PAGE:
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Author Previous Topic: Quick Tip #6 and #7 Topic Next Topic: Final pics of FSM JS #18 Westside Auto
Page: of 26

PaulD
Crew Chief



Posted - 06/14/2005 :  6:29:58 PM  Show Profile  Reply with Quote
Pat,
I hear you, I just need to take some more better quality shots, this one is a little blurry but bigger.



Country: Australia | Posts: 935 Go to Top of Page

belg
Fireman



Posted - 06/14/2005 :  7:04:04 PM  Show Profile  Reply with Quote
Paul, thats much better now I can see it. Thanks Pat


Country: USA | Posts: 4503 Go to Top of Page

n/a
deleted

Posted - 07/10/2005 :  05:57:37 AM  Show Profile  Reply with Quote
Grandt Line 55 Gal Drum Experiment:

Floquil "Roof Brown" base coat
Polly Scale acrylic sides (Yellow)
Tamiya Acrylic top (White)
Blackwash
Rembrandt Oil paints for rust
Bragdon's Black and Ruddy Red powder
Tamiya "Smoke" for oil stain/spill



Marc
(...needing to get a better camera)



Country: | Posts: 1147 Go to Top of Page

Dutchman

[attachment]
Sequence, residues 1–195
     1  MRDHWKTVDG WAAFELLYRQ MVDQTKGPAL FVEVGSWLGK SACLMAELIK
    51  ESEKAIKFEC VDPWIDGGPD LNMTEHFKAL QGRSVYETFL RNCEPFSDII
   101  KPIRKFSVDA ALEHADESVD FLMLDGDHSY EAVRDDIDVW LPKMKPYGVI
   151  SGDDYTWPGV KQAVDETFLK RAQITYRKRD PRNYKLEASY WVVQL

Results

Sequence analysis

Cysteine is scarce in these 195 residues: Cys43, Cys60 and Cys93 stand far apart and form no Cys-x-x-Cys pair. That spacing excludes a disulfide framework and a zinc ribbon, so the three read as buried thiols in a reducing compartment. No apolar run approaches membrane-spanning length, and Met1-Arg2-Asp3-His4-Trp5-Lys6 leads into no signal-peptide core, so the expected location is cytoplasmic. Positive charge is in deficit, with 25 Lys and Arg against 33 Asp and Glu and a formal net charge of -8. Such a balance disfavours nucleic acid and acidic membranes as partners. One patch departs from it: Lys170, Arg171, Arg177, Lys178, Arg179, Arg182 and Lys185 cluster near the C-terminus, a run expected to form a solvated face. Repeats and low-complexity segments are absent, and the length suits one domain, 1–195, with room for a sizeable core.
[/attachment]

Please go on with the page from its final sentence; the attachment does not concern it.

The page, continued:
Administrator

Premium Member


Posted - 07/10/2005 :  07:45:48 AM  Show Profile  Reply with Quote
Marc,

I would say that the experiment was a success!



Country: USA | Posts: 31273 Go to Top of Page

Rick
Administrator

Premium Member


Posted - 07/10/2005 :  08:00:38 AM  Show Profile  Reply with Quote
Marc, I agree with Bruce, the experiment was a success. How did you do it?


Country: USA | Posts: 22862 Go to Top of Page

TrevorCreek
Fireman



Posted - 07/10/2005 :  08:08:56 AM  Show Profile  Click to see TrevorCreek's MSN Messenger address  Reply with Quote
Marc,

Nice drum. Did you dry brush on the yellow/white coat or did you peel off some of the paint. The dark rust appears to be the initial roof brown undercoat. Thanks.

Frank